Monday, January 24, 2011

How I Got The Shot #6 - Smooth Look For Moving Water

Had a chance to get out to the great state of West Virginia.  Boy, it did not disappoint.  If you ever get to the Blackwater regions, I recommend it.  Just make sure that you don't ignore the smaller trails or you might miss out on some great shots.  This blog post will cover techniques on getting that smooth water effect in landscape pictures that have moving water.

Check out the details after the break...
Creative Process:
Getting this effect is actually quite simple once you have a good grasp of how exposure works.  In order to get the water to be smooth we need to (a)keep the camera still on a tripod and (b) have along enough shutter speed to not freeze the motion of the water, but to allow it to blur.

Blackwater Falls, West Virginia(Elekala Falls)

Nikon D50
Tamron 28-200mm f/3.8-5.6
Hoya Polarizing Filter

EXIF Info:
Shot in Aperture Priority at 1.3 seconds  - f/22 - ISO 200 @ 28mm
Shot in RAW - converted to JPG in Camera RAW

Lighting Setup:
Who says that gray and gloomy is a bad thing?  The day we were shooting, it had just rained that morning and  in the afternoon it was partly cloudy.  That is OK with me as the size of the trees in this area would have given us sporadic hot spots all over the frame.  So, I waited until the clouds blocked the sun.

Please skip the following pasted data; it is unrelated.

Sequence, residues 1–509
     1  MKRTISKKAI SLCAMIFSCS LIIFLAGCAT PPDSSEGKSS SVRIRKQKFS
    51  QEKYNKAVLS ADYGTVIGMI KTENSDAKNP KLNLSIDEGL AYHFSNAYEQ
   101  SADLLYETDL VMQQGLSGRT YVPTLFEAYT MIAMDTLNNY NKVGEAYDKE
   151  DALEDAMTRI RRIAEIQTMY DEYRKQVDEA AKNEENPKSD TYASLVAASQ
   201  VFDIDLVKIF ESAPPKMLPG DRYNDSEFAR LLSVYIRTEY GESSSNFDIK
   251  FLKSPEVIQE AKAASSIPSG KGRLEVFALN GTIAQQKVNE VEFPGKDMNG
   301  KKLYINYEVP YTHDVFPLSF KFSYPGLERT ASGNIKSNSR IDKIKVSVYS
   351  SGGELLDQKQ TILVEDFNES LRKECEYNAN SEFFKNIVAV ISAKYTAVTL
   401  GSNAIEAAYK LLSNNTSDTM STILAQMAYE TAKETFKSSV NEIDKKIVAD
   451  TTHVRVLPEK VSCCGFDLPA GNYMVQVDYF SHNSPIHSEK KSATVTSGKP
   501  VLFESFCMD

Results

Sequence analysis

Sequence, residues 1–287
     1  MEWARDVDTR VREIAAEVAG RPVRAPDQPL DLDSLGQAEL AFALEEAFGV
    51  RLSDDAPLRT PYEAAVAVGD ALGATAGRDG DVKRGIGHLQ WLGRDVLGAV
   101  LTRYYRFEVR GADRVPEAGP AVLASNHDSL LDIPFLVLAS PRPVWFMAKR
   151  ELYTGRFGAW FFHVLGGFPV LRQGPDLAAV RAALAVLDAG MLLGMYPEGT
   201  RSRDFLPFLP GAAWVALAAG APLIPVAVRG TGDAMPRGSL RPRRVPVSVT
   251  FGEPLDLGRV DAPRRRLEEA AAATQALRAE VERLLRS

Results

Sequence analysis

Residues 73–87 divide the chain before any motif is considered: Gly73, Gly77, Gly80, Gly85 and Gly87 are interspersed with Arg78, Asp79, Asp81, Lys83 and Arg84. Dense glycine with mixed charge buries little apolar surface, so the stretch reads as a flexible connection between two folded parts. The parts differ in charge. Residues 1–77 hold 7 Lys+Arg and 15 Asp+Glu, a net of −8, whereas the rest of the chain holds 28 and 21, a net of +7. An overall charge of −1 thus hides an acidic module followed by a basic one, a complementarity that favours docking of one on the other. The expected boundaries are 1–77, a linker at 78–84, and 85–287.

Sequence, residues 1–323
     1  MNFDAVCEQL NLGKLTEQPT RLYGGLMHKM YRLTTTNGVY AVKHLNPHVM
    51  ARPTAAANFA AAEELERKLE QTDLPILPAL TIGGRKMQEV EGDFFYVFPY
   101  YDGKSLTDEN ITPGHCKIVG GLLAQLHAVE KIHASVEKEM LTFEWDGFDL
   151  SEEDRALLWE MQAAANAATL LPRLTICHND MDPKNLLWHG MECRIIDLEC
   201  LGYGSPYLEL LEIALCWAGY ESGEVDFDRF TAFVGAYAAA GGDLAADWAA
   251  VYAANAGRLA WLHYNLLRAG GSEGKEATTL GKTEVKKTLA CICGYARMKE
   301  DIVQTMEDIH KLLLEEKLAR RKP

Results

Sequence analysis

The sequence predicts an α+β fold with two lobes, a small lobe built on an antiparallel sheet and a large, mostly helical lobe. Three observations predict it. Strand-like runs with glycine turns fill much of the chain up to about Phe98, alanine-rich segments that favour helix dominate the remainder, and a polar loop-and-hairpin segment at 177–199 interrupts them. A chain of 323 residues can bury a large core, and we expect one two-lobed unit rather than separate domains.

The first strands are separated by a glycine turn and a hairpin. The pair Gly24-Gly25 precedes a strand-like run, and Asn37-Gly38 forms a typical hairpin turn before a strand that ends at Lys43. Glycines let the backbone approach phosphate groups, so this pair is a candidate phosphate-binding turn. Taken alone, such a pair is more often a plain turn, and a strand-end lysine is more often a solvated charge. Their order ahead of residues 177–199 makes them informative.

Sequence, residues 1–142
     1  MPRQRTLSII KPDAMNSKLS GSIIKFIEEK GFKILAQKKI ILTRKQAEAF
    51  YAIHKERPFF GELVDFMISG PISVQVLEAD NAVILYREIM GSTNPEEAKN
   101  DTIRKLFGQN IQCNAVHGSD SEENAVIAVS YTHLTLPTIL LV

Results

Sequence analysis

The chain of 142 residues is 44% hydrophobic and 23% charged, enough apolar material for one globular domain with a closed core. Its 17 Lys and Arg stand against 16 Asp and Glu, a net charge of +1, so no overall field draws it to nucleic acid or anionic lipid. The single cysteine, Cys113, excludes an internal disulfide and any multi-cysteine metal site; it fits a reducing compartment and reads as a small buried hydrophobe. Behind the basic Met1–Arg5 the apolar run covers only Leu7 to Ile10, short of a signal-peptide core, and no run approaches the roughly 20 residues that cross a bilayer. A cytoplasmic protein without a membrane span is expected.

We also used a polarizer.  What for?  Well a polarizer serves the same function as polarized lenses on sunglasses.  It cuts down on glare on objects.  In this case, it cut out a lot of the highlights you would get from light reflecting off of waxy leaves and it also takes a lot of reflection off of the water.  Polarizers are adjustable, so the amount of the filtering is variable.  Just remember, that getting a good quality filter is important.  Why spend hundreds and thousands of dollars on top quality lenses only to put an inexpensive and potentially flawed piece of glass in front of all that?   You also lose light going into the lens as well, you lose more light the stronger of an effect you use from the filter.  Don't worry though, the cameras meter can still get an accurate exposure.

When we talk about "losing light", I am referring to the fact that the generally, the exposure will require more time because the polarizer is allowing less light to get to the sensor than normal.  So if you're exposure for this shot is say, 1/4th of a second at f/7 and you are working in aperture priority mode, you could experience a 1/2 sec to one full second exposure time.  This could be good if you need a little extra time to get the water smoothed out.

Post Processing:
Basic Camera RAW adjustments and boosted the saturation a bit and there you have it.  Most of the heavy lifting was done in camera with the longer shutter speed and the polarizer.

Another great nature shot.  A word on composition - I intentionally used the trees as a way to frame the waterfall and give the image a sense of depth.  I wanted to do this because of the aperture being stopped down so much(f/22), the majority of the image would be in focus, so other visual queues would be needed to be able to give the viewer a sense of depth.

Also, remember that these shooting numbers are for the shot in question that day.  While they might be a good reference point to start your own shots of this kind out at, every shooting condition is different and you may need to adjust your exposure settings accordingly.

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